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Navy Shifts Training to Protect Whales, Dolphins

The U.S. Navy is rethinking its exercises that could harm marine mammals. Credit: Daniel Du Toit/ Wikimedia Commons
The U.S. Navy is rethinking its exercises that could harm marine mammals. Credit: Daniel Du Toit/ Wikimedia Commons
November 19, 2015

RICHMOND, Va. - The U.S. Navy is analyzing the harm its sonar exercises do to whales, dolphins and sea turtles and may modify its training exercises accordingly.

Late last week, the Navy announced it's ordering a new environmental-impact statement for training from late 2018 to 2023. Attorney David Henkin, with the environmental law firm Earthjustice, says the move comes after the Navy settled a lawsuit in September challenging the current set of exercises, which run for the next three years.

"The hallmark of that settlement being the Navy's concession that it can protect biologically important areas that marine mammals need for feeding and nursing, and resting, and communicating with their young," says Henkin.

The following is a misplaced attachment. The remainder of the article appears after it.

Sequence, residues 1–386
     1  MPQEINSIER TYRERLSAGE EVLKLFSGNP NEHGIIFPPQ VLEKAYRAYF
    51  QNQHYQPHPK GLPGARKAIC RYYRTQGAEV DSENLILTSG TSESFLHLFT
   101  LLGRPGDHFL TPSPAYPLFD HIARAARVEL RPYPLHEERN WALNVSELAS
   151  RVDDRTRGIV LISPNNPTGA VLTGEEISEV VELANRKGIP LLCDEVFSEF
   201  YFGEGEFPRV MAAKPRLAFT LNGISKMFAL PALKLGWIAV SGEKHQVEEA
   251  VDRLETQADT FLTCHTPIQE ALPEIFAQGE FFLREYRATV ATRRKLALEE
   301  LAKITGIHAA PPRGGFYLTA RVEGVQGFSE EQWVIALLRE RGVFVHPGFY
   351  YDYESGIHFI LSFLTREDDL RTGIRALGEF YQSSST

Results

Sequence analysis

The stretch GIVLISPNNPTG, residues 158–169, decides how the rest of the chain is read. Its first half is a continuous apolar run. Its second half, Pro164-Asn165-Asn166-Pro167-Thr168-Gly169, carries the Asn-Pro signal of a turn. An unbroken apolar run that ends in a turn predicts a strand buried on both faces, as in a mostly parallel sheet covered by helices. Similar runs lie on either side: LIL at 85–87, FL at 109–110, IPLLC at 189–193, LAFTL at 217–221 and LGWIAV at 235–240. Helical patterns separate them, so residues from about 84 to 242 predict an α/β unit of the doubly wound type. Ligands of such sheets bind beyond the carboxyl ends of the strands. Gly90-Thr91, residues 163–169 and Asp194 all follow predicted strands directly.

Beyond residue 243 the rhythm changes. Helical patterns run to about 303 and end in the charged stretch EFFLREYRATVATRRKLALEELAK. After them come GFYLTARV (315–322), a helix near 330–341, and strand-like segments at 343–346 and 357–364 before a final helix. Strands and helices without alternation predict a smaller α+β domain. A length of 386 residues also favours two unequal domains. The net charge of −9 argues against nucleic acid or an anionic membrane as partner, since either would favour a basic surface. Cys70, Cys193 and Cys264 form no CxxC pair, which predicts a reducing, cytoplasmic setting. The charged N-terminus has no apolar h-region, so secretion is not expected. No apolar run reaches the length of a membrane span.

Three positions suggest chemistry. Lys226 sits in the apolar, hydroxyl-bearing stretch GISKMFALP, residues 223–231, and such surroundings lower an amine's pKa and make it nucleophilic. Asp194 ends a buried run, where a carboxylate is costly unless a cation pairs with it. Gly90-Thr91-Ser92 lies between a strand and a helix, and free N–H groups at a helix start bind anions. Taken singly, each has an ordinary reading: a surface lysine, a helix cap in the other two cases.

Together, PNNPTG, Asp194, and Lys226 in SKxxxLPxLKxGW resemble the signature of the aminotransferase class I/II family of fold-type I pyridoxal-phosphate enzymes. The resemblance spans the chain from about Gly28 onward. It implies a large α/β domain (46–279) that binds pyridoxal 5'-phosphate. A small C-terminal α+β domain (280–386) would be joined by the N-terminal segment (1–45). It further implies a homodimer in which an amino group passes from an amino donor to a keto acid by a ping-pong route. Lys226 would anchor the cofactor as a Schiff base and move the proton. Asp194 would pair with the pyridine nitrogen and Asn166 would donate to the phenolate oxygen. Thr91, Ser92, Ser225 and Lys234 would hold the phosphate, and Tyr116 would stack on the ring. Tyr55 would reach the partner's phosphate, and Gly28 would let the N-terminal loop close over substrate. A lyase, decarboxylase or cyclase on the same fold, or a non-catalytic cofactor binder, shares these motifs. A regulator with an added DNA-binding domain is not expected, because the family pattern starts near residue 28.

The naval exercises in question take place in the Pacific. The Navy has agreed to stop using mid-level sonar and powerful explosives in certain highly-sensitive areas of the ocean.

However, in late October, two dolphins washed ashore near San Diego after Navy ships were using sonar in the area. The National Marine Fisheries Service is investigating.

Henkin says historically the Navy hasn't wanted to modify its activities to protect marine mammals, so he welcomes this change of heart.

"The optimist in me hopes they'll get it right this time," says Henkin. "And the realist in me knows that's only going to happen if the public applies pressure, and makes it clear that we're going to hold the Navy to account that we're going to be scrutinizing what they do and we expect them, this time, to get it right."

A public comment period on the change runs through Jan. 12.

Dan Heyman, Public News Service - VA